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Dogs headed to Capital One Bowl to play Michigan State
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Capital One Bowl tickets can be ordered online via www.georgiadogs.com and by calling 1-877-542-1231 from 8:30 a.m. to 4:30 p.m. starting at 9 p.m. tonight. All orders will be filled in the order in which they are received and upon availability.

Georgia started the season with hopes of winning a national title. Michigan State was in the running for the Rose Bowl until its very last game.

They’ll both settle for a New Year’s Day consolation prize: a matchup in the Capital One Bowl.
The game will feature two of the best running backs in the country, Georgia’s Knowshon Moreno and Javon Ringer of the No. 19 Spartans, and each coach did his best to make the trip to Orlando, Fla., sound appealing — regardless of any loftier goals.

“We’re thrilled to be playing in the Capital One Bowl,” Michigan State’s Mark Dantonio said Sunday evening. “This is another step in the progression of things. Our goal was to make a New Year’s Day bowl game, and now that we’ve been able to do that we’re very, very excited. I think our fan base will be very, very excited to travel to Orlando.”

Mark Richt of the 16th-ranked Bulldogs (9-3) sounded a similar theme, even though his team surely hoped to be playing for a championship. Georgia finished last season No. 2 in The Associated Press rankings after a Sugar Bowl route of Hawaii, fueling speculation that a team loaded with plenty of returnees could contend for a national title.

Indeed, the Bulldogs started the season No. 1 in the AP poll, but a crushing home loss to Alabama — the Crimson Tide led 31-0 at halftime — exposed the team’s problems on the offensive and defensive lines. Any hopes of a title were ruined with a 49-10 rout by Florida, and by the end of the year Georgia wasn’t even the best team in its own state.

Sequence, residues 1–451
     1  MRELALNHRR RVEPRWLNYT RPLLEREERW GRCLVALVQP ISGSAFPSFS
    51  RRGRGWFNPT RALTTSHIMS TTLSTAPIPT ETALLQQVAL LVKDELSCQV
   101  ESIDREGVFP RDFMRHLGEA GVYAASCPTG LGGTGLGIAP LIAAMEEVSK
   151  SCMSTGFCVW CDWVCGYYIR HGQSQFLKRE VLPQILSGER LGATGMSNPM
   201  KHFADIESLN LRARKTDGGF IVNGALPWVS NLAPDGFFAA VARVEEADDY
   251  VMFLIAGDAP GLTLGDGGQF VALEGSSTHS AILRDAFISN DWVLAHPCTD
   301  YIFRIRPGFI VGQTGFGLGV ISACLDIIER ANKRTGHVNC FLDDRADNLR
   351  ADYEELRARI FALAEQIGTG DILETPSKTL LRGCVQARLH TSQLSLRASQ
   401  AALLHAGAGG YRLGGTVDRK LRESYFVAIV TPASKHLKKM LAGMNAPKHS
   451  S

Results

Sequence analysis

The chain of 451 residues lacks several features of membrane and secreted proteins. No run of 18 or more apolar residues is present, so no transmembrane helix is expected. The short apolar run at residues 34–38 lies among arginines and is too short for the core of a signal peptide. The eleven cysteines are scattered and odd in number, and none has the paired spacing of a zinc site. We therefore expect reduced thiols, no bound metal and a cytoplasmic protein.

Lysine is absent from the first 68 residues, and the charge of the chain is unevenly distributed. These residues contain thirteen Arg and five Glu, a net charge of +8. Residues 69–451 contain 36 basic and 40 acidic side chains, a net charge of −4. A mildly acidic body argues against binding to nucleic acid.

Georgia Tech closed the regular season with a 45-42 upset in Athens, its first victory over the Bulldogs since 2000.

“We’re very excited and very thankful,” Richt said. “I even remember as the season was going along, any time I would see a Capital One Bowl representative I would say, ‘We’d be thrilled to come back to your bowl one day.’ I knew they it was one of the greatest bowl experiences we ever had since I’ve been at Georgia. We’re looking forward to doing it again.”

Georgia will be making its fourth appearance in the Capital One Bowl, the last coming at the end of the 2003 season when the Bulldogs defeated Purdue 34-27 in overtime.

Since then, the Big Ten representative has won four straight over SEC opponents. The Spartans (9-3) hope to continue that trend, especially after a 49-18 loss to Penn State in the regular-season finale that ruined their bid to play in the Rose Bowl.

“The bottom line is we’ll be ready to compete,” Dantonio said. “We’re looking forward to getting a little respect back based on our last football game. We’ve got a lot to play for. Both teams have an opportunity to win 10 games this season, which would be a tremendous accomplishment.”

The Capital One had the first pick among SEC teams not qualifying for the BCS, and the selection committee seriously considered No. 20 Mississippi (8-4), which handed No. 1 Florida its only loss and closed the season on a five-game winning streak.

But Georgia’s superior record won out in the end.

“It was very, very close. There was a lot of debate,” said Steve Hogan, executive director of bowl operator Florida Citrus Sports. “Ole Miss was one of the hottest teams in the country at the end of the season.

But when it really came down to it, we tried to honor what we’ve always done. Georgia was 9-3 on the field. They were one game better in the conference, and their overall record was one game better.”

The selection committee took Michigan State, even though the Spartans will be making their second straight trip to Orlando. They played a year ago in the Champs Sports Bowl, the city’s sister postseason game.

“That definitely enters your thinking when you’re bringing someone back for the season year in a row,” Hogan said. “At the end of the day, what mattered most for us was the play on the field. ... We don’t make the decision based on every last ticket we can sell. These teams deserved it and we’re going to reward them.”

 

 

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